Chapter XII. A Woman's Agony

All through the day and the night that followed Audrey watched and waited.

She spent the terrible hours at the Raleighs' bungalow, scarcely conscious of her surroundings in her anguish of suspense. It possessed her like a raging fever, and she could not rest. At times it almost seemed to suffocate her, and then she would pace to and fro, to and fro, hardly knowing what she did.

Mrs. Raleigh never left her, caring for her with a maternal tenderness that never flagged. But for her Audrey would almost certainly have collapsed under the strain.

"If he had only known! If he had only known!" she kept repeating. "But how could he know? for I never showed him. How could he even guess? And now he never can know. It's too late, too late!"

Futile, bitter regret! All through the night it followed her, and when morning came the haggard misery it had wrought upon her face had robbed it of all its youth.

Mrs. Raleigh tried to comfort her with hopeful words, but she did not seem so much as to hear them. She was listening, listening intently, for every sound.

It was about noon that young Travers raced in, hot and breathless, but he stopped short in evident dismay when he saw Audrey. He would have withdrawn as precipitately as he had entered, but she sprang after him and caught him by the arms.

"You have news!" she cried wildly. "What is it? Oh, what is it? Tell me quickly!"

He hesitated and glanced nervously at Mrs. Raleigh.

"Yes, tell her," the latter said. "It is better than suspense."

And so briefly, jerkily, the boy blurted on his news:

"Phil's back again; but they haven't got the major. The fort was deserted, except for one old man, and they have brought him along. They are over at the colonel's bungalow now."

He paused, shocked by the awful look his tidings had brought into Audrey's eyes.

The next instant she had sprung past him to the open door and was gone, bareheaded and distraught, into the blazing sunshine.

How she covered the distance of the long, white road to the colonel's bungalow, Audrey never remembered afterwards. Her agony of mind was too great for her brain to register any impression of physical stress. She only knew that she ran and ran as one runs in a nightmare, till suddenly she was on the veranda of the colonel's bungalow, stumbling, breathless, crying hoarsely for "Phil! Phil!"

He came to her instantly.

"Where is he?" she cried, in high, strained tones. "Where is my husband? You promised to bring him back to me! You promised--you promised--"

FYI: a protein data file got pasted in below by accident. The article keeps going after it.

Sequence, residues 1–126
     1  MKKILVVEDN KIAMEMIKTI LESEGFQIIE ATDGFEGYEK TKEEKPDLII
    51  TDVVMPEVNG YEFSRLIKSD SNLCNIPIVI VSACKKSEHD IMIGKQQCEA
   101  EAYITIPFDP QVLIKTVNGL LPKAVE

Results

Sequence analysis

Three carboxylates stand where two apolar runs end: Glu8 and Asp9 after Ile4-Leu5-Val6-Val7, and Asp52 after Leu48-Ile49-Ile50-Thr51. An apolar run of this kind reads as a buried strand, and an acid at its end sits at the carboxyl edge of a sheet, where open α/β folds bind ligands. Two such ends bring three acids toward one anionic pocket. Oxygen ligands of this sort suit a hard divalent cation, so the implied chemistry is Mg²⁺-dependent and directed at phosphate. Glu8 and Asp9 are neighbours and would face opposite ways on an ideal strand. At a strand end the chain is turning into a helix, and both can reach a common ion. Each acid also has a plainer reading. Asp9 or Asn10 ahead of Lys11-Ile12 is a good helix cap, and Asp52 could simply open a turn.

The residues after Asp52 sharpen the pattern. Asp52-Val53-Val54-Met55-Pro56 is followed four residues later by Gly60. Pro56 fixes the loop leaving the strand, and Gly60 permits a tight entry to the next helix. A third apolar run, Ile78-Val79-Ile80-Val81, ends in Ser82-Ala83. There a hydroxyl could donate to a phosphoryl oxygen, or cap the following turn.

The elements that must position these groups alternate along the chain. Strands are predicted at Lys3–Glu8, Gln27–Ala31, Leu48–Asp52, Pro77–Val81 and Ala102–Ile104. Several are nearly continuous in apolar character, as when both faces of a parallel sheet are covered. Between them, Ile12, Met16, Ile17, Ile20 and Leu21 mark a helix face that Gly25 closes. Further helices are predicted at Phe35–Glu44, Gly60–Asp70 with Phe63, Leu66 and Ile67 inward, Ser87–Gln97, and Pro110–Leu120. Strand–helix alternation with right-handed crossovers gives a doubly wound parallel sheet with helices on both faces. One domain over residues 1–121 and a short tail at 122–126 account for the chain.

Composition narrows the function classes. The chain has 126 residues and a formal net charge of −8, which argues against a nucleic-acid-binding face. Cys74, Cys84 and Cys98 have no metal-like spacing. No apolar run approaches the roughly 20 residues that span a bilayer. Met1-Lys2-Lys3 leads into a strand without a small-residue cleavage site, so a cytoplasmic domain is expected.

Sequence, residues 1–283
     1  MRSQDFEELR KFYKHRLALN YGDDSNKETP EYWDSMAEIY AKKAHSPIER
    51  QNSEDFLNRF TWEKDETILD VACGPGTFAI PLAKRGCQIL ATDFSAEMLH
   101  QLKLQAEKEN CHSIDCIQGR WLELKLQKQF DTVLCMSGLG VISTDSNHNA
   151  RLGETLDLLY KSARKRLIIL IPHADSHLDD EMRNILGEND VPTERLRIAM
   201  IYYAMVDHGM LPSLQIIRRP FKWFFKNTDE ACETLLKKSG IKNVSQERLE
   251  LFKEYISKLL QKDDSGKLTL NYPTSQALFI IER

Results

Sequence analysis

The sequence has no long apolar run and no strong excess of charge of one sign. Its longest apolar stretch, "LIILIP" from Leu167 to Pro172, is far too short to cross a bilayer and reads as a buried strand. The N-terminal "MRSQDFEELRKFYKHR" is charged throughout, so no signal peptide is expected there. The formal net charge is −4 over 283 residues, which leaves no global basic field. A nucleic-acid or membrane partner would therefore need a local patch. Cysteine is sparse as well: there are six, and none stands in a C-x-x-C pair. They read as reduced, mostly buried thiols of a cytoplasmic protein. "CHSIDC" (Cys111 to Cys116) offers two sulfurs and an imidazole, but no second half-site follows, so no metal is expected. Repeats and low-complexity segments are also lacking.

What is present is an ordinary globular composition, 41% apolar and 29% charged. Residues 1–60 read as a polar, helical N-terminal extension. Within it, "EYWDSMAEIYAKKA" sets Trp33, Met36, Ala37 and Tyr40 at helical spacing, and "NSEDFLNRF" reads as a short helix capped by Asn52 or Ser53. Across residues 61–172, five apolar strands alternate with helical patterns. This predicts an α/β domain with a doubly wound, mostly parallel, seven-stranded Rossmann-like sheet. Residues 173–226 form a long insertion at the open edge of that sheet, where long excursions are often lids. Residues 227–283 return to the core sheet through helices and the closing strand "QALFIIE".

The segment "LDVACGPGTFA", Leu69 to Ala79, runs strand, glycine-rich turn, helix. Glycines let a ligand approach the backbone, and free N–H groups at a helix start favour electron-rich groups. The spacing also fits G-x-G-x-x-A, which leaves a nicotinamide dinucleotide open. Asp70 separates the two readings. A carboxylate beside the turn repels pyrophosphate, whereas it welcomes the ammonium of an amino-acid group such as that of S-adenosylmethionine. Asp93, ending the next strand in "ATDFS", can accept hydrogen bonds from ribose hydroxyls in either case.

Her voice failed. She felt choked, as if an iron hand were slowly, remorselessly, crushing the life out of her panting heart. Thick darkness hovered above her, but she fought it from her wildly, frantically.

"You promised--" She gasped again.

He took her gently by the arm, supporting her.

"Mrs. Tudor," he said very earnestly, "I have done my best."

He led her unresisting into a room close by. The colonel was there, and with him a man in flowing, native garments.

"Mrs. Tudor," said Phil, his hand closing tightly upon her arm, "before you blame me, I want you to speak to this man. He can tell you more about your husband than I can."

He spoke very quietly, very steadily, almost as if he were afraid she might not understand him.

Audrey made an effort to collect her reeling senses. The colonel bent towards her.

"Don't be afraid of him, Mrs. Tudor," he said kindly. "He is a friend, and he speaks English."

But Audrey did not so much as glance at the native, who stood, silent and impassive, waiting to be questioned. The agony of the past thirty hours had reached its limit. She sank into a chair by the colonel's table and hid her face in her shaking hands.

"I've nothing to ask him," she said hopelessly. "Eustace is dead--dead--dead, without ever knowing how I loved him. Nothing matters now. There is nothing left that ever can matter."

Dead silence succeeded her words, then a quiet movement, then silence again.

She did not look up or stir. Her passion of grief had burnt itself out. She was exhausted mentally and physically.

Minutes passed, but she did not move. What was there to rouse her? There was nothing left. She had no tears to shed. Tears were for small things. This grief of hers was too immense, too infinite for tears.

Only at last something, some inner prompting, stirred her, and as if at the touch of a hand that compelled, she raised her head.

She saw neither the colonel nor Phil, and a sharp prick of wonder pierced her lethargy of despair. She turned in her chair, obedient still to that inner force that compelled. Yes, they had gone. Only the native remained--an old, bent man, who humbly awaited her pleasure. His face was almost hidden in his chuddah.

Audrey looked at him.

"There is nothing to wait for," she said at length. "You need not stay."

He did not move. It was as if he had not heard. Her wonder grew into a sort of detached curiosity. What did the man want? She remembered that the colonel had told her that he understood English.

"Is there--something--you wish to say to me?" she asked, and the bare utterance of the words kindled a feeble spark of hope within her, almost in spite of herself.

He turned very slowly.

"Yes, one thing," he said, paused an instant as she sprang to her feet with a great cry, then straightened himself, pushed the chuddah back from his face, and flung out his arms to her passionately.

"Audrey!" he said--"Audrey!"